Figure 8. Average wind speed, 1948 to present, Atlantic and Pacific centered views
Wind speed over the ocean is greater than over the land, and wind speed over the tropics is greater than wind speed over the ocean. And here’s the change in wind speed over the period.
Figure 9. Monthly average wind speed, 1948 to present
And why is the small increase in wind speed of a few percent important?
Well, evaporation basically varies linearly with wind speed. And globally, evaporation cools the surface by something on the order of 80 watts per square meter (W/m2) per year. So a 4.7% increase in wind speed should convert to additional surface cooling of about 3.7 W/m2 … just saying, there are a whole lot of things going on in this immense heat engine we call the “climate” that don’t have anything to do with CO2.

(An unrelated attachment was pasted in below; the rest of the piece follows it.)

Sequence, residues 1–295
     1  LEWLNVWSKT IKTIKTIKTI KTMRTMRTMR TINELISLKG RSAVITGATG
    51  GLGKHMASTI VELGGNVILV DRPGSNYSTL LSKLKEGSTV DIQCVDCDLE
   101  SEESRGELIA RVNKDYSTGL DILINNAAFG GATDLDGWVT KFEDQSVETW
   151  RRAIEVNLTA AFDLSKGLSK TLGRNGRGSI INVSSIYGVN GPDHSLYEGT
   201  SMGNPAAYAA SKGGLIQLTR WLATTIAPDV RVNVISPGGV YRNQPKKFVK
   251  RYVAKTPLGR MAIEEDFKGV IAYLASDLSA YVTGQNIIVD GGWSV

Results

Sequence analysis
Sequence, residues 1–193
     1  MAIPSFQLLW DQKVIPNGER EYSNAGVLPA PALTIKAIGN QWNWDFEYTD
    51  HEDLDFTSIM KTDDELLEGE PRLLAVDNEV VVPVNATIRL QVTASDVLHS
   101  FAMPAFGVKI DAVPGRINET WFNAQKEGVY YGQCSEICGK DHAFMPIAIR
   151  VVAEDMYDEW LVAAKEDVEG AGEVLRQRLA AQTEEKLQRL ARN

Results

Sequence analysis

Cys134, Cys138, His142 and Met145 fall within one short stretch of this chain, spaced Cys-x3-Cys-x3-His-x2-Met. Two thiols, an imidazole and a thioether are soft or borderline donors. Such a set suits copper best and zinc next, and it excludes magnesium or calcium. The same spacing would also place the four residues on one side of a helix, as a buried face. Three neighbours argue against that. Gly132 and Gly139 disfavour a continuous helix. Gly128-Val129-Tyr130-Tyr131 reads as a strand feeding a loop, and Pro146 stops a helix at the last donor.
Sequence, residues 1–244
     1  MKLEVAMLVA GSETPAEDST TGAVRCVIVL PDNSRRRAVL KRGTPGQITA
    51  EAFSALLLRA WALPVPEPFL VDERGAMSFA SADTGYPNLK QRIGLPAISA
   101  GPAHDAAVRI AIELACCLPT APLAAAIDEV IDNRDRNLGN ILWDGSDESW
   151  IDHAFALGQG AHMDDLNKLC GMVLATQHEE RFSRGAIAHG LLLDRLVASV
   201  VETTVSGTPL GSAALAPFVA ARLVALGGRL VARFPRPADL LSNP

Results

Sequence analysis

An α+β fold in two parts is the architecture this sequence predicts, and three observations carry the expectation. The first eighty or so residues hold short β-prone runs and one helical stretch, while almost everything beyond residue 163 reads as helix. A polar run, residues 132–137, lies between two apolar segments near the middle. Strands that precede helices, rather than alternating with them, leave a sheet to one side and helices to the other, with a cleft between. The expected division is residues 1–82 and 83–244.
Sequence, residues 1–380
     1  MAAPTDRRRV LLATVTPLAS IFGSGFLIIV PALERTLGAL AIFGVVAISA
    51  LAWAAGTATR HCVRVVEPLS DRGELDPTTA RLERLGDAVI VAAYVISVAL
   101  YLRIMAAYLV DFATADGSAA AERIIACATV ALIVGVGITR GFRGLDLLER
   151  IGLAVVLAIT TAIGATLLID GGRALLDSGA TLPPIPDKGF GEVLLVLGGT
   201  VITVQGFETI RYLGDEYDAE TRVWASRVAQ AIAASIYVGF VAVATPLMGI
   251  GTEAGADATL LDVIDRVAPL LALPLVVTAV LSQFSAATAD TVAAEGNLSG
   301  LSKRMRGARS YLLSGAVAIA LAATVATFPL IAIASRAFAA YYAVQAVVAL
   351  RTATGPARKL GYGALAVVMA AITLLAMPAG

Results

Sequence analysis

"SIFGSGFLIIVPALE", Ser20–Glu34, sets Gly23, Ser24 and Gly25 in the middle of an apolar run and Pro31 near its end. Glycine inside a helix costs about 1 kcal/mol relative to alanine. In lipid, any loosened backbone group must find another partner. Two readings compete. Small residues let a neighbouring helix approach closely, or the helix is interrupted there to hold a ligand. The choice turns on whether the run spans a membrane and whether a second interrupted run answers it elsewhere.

Here on our northern California hillside on Boxing Day, we have rain … blessed rain, life-giving rain. I had a wonderful Christmas with the people I live with in this rambling house I built with my own hands—my gorgeous ex-fiancee, my daughter and her husband, our two-year-old granddaughter, and our two-month-old grandson. (The walls don’t slope, it’s from the camera lens.)
Me, I’m the luckiest guy on the planet …
With wishes that your life be full of joy, sunshine, and just enough rain,
PS—Here are my “Letters From Mexico To My Future Ex-Fiancee“.
PPS—When you comment, please quote the exact words you are referring to, so we can all be clear on the exact topic you are discussing.